And the justices come rolling in… (Myanmar/Burma)

Almost six months after the Constitutional Tribunal members resigned, Myanmar looks like it will get new tribunal members. The President, Pyithu Hluttaw, and Amyotha Hluttaw have submitted nominations. The list includes:

  • Retired Attorney-General’s Office Deputy Director-General U Myint Win (P);
  • Legal Advisor to the President U Than Kyaw (P);
  • Deputy Director-General of the Ministry of Foreign Affairs Daw Hla Myo Nwe (P);
  • Retired Director-General of the Union Supreme Court U Mya Thein (PH);
  • Notary Public Advocate and Supreme Court advocate U Mya Thein (PH);
  • Notary Public Advocate and Supreme Court advocate U Myint Lwin (PH);
  • Retired Director-General of Union Attorney-General’s Office U Tin Myint (AH);
  • Retired Deputy Director-General of Union Attorney-General’s Office Daw Kyin San (AH);
  • Retired Director of the Union Attorney-General’s Office U Myo Chit (AH).
According to Radio Free Asia, the first Mya Thein will likely be the court’s chief justice (although RFA’s article lists him as a former Supreme Court chief justice, so I would treat its report with some skepticism). RFA does quote a Pyithu Hluttaw MP as stating that the (first) Mya Thein should become the new chief justice due to his experience managing the Supreme Court.
While we’re awaiting more details about the nominees’ backgrounds, it seems that each nominating branch had very specific standards for its nominees. The president nominated executive branch officials, including an official from the Ministry of Foreign Affairs. The Pyithu Hluttaw seems to have sought individuals with experience in the Supreme Court, while the Amyotha Hluttaw nominated individuals who served in the Attorney-General’s office.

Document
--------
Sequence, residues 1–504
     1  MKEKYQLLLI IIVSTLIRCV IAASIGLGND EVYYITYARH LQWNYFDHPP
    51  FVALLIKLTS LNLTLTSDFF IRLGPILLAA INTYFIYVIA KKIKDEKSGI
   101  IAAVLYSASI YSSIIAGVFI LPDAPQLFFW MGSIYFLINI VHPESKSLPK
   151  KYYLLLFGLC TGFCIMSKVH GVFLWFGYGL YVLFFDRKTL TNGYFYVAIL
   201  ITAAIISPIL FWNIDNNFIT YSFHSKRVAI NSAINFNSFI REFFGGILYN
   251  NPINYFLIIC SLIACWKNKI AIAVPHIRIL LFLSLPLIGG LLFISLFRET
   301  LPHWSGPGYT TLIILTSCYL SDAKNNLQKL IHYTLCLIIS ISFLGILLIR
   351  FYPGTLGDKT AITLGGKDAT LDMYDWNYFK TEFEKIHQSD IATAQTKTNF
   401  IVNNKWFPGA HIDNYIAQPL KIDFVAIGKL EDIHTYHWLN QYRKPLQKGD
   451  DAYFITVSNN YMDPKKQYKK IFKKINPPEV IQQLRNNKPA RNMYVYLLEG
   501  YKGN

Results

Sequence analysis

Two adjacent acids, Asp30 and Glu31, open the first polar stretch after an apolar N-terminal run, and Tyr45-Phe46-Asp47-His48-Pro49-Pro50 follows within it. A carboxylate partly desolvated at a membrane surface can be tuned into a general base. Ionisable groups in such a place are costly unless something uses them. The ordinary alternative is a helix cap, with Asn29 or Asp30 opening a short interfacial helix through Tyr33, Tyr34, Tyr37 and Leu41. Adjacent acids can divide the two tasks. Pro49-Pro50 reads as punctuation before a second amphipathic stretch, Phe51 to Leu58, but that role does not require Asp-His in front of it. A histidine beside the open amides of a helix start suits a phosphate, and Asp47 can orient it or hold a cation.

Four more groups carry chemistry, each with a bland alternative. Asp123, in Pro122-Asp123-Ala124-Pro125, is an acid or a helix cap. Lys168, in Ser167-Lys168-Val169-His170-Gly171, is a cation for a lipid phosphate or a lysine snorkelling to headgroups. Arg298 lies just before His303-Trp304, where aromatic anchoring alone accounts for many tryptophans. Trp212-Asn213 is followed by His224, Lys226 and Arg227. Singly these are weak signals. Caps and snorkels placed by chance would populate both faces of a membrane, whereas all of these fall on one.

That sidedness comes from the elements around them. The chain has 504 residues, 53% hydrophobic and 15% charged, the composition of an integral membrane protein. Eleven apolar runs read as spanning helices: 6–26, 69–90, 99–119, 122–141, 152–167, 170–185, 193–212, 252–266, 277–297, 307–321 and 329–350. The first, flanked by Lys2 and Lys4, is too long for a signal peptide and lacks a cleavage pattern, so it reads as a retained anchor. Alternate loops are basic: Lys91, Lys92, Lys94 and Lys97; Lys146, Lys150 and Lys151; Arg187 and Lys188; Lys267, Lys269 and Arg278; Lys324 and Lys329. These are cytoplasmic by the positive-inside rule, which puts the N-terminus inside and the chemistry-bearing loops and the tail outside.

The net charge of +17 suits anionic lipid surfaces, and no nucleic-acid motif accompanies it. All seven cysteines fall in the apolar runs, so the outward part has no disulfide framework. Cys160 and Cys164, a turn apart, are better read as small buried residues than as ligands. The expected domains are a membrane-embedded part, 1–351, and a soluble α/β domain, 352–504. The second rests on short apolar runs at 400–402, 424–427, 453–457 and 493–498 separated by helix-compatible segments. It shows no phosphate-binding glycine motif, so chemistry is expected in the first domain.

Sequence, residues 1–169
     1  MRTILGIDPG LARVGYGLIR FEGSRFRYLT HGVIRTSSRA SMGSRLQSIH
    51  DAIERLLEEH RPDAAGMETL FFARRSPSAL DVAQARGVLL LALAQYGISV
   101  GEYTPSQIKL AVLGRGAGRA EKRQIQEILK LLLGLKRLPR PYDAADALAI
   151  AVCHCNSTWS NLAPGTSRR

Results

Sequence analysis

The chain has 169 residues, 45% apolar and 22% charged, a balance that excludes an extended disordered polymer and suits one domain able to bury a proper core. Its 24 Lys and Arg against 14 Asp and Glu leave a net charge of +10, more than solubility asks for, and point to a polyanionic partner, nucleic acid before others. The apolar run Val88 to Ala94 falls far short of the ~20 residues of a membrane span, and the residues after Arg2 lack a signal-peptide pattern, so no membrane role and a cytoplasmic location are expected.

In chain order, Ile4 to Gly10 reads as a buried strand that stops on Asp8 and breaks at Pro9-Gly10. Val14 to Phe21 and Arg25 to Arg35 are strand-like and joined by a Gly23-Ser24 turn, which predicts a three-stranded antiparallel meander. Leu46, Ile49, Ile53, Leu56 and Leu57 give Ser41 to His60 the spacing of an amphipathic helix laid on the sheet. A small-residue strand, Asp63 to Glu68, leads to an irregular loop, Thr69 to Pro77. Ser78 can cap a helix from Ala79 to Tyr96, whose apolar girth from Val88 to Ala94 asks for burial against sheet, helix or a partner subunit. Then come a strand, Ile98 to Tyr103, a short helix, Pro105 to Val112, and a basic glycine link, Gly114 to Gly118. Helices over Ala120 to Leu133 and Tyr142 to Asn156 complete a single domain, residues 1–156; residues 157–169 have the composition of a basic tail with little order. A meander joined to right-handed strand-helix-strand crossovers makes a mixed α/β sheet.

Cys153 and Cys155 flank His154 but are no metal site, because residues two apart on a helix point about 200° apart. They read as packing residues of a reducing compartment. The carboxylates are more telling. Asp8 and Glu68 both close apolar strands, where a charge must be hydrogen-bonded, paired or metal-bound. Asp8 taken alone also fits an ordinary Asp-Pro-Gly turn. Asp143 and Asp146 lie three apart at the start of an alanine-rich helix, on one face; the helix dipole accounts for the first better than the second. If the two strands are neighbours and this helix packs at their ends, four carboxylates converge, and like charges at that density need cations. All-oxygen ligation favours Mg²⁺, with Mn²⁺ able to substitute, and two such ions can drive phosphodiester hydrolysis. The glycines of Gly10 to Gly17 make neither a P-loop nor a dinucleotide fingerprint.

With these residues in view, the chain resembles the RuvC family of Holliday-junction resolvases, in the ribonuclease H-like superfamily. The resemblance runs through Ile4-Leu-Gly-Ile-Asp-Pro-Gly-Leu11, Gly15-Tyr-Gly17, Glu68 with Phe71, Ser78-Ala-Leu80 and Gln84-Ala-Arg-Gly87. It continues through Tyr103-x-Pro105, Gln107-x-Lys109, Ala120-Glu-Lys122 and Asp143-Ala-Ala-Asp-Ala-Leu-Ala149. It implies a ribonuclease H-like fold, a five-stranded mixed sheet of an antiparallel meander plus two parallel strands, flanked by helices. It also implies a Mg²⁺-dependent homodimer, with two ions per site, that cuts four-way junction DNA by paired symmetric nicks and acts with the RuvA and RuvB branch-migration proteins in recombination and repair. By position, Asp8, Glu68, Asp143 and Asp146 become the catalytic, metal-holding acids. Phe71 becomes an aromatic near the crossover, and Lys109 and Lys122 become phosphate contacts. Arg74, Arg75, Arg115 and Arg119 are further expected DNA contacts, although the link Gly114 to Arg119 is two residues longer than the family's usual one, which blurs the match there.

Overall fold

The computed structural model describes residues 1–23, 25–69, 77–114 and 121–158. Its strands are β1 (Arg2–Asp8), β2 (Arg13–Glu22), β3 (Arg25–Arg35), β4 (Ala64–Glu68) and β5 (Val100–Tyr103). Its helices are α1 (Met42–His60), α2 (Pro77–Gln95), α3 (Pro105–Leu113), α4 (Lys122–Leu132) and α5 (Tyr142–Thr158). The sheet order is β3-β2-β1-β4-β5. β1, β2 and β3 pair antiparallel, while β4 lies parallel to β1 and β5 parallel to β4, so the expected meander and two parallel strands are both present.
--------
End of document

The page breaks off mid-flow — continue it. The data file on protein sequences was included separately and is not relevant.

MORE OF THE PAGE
As expected, the president drew heavily from the executive branch, but why did the two chambers of the legislature differ so drastically in their appointments? Did the speakers of the Amyotha and Pyithu Hluttaw coordinate their nominations, or do the nominations represent the different institutions of the two chambers? Perhaps we’ll learn more once the tribunal begins functioning again.
The last case on the tribunal’s docket was a petition from the Mon chief minister. We’ll see if the tribunal takes that case up again.
Here is the original New Light of Myanmar article:

Proposed members of constitutional tribunal unveiled

Nay Pyi Taw, 21 Feb-Thura U Shwe Mann, Speaker of Pyithu Hluttaw, notified the parliament of the President’s message to the Pyidaungsu Hluttaw Speaker on formation of the Constitutional Tribunal of the Union.

The proposed members-three by the President, three by the Pyithu Hluttaw Speaker and three others by the Amyotha Hluttaw-of the new tribunal are retired Attorney-General’s Office Deputy Director-General U Myint Win, Legal Advisor to the President U Than Kyaw, Deputy Director-General of the Ministry of Foreign Affairs Daw Hla Myo Nwe, Retired Director-General of the Union Supreme Court U Mya Thein, Notary Public Advocate U Mya Thein, Notary Public Advocate U Myint Lwin, Retired Director-General of Union Attorney-General’s Office U Tin Myint, Retired Deputy Director-General of Union Attorney-General’s Office Daw Kyin San and Retired Director of the Union Attorney-General’s Office U Myo Chit.


Parliamentarians are to file complaints, if any, with firm evidences by 23 February afternoon.-NLM
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